2. Islamic Academy's tables are based on the recommendation of University of Islamic Sciences in Karachi, then adding a few minutes for safety.
  3. The tables from Islamiska Förbundet (Swedish branch of Rabita) used to employ the ISNA recommendation, but recently switched to a new claculation model. We have not been able to find any detialed information about the new model. In summer time no fix angle is used.
At high latitudes, the computed length of the twilight interval (from Maghrib to Isha) is increasingly sensitive to the angle used for Fajr and Isha, as seen in the table below:

Ort Latitud 12° 15° 18°
68.4° -
65.6° 3:17 min --
62.4° 2:19 min
3:28 min
59.3° 1:56 min
2:38 min
3:42 min
57.7° 1:48 min
2:23 min
3:10 min
55.6° 1:38 min
2:09 min
2:46 min
51.5° 1:25 min
1:51 min
2:18 min
21.4° 0:52 min
1:06 min
1:18 min
 Time between nominal sunset (0.267°, i.e. no refraction comepnsation) och twilight end
  on August, 21, 2009, depending on the definition of twilight

In Makka, on August 21, the difference between 15° and 18° corresponds to a time difference on only 12 minutes, while in Stockholm it corresponds to one hour's difference (in the north of Sweden, twilight does not end at this date).  From there we see that it is most important to use an accurate model for high latitudes. Such a model must be based on actual observation of the phenomena described by the fuqaha.

Angles deduced from observation of dawn and dusk
How to relate eye observation of Fajr and Isha to the angles used in calculations, and what needs to be considered in order to make generally valid observations - this is discussed in detailed in the section  Observations. Below is a summary of angles obtained from various observations:

al-shafaq al-ahmar 9-15°
al-shafaq al-abyad 14-18°
al-fajr al-sadiq 14-19°

These values need to be taken with great caution, as many observations are likely to be affected by light contamination, making it impossible to observe a really dark sky - see the section Physical measures of darkness. The conservative route is to use the higher values in each category.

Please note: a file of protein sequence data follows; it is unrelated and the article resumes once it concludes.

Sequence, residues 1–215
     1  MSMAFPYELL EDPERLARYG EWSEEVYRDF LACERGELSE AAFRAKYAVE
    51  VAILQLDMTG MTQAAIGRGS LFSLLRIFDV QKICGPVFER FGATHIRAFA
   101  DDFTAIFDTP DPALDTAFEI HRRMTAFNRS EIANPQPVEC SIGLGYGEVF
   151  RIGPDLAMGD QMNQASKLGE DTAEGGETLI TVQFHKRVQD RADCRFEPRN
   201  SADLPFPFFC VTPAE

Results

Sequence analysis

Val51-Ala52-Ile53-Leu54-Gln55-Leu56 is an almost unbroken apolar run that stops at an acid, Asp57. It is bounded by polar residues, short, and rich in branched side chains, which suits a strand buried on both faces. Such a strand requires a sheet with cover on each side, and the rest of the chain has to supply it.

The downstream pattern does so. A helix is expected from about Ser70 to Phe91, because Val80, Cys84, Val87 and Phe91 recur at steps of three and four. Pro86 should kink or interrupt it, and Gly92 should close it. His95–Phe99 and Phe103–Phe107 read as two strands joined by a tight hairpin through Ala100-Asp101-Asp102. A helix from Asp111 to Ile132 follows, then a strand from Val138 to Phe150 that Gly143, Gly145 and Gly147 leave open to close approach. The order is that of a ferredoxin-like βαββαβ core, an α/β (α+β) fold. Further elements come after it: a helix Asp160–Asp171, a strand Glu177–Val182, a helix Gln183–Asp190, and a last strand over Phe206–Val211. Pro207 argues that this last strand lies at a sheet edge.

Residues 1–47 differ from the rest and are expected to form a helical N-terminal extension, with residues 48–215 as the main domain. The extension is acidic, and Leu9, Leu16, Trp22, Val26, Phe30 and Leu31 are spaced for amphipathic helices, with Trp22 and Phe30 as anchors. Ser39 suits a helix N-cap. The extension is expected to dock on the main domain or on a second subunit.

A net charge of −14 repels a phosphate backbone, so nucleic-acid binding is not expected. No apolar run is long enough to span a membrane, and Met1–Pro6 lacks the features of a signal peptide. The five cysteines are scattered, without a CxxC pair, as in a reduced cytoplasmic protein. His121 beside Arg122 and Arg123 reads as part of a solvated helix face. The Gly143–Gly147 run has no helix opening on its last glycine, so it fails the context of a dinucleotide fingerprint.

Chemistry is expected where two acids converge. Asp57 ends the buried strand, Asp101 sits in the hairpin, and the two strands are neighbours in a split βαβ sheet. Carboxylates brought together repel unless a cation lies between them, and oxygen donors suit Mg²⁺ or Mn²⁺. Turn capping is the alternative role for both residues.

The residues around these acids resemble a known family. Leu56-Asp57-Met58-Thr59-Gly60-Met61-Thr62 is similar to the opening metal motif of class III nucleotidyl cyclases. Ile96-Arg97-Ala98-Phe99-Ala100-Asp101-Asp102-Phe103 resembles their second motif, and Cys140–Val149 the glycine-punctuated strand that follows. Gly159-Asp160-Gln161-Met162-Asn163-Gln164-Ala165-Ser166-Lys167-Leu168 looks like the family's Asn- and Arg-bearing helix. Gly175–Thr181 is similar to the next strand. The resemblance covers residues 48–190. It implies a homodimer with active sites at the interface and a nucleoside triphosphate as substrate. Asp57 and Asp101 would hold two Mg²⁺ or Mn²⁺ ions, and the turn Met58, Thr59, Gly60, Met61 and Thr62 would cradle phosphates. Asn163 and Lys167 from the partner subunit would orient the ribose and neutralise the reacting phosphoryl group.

"Persistent twilight", midnight sun and polar night

"Persisting twilight" means that Isha and Fajr times do not exist according to their fiqh definitions. This occurs at high latitudes for a longer or shorter period during summer. This phenomenon is mentioned in the early Hanafi fiqh literature. The computed length of this period varies with latitude, and depends on which angles are adopted for Fajr and Isha.

Approaching the polar circle, sunset also disappears and the sun is stil visible at midnight (midnight sun). This is not mentioned in the classical fiqh literature.

Length of the period depending of twilight definition
The table below shows beginning and end of the persisting twilight period for locations at various latitudes, depending of which angle is used for Isha.

Location Latitude Beginning

18° 15° 12°
12° 15° 18°
68.4° 29mar

65.6° 6apr

62.4° 14apr

59.3° 23apr

57.7° 28apr
21jul 2aug
55.6° 5maj

51.5° 22maj

48.9° 12jun


If, for instance, the angle 18° is used for Isha (corresponding to the end of the white twilight), the period in which Isha does not occur in Stockholm lasts from April 23 to August 18, and persistent twilight occurs down do latitude 49° (Paris). If instead 15° is used for Isha, the period will be three weeks shorter in Stockholm, and it will not occur at all south of latitude 51.5° (London).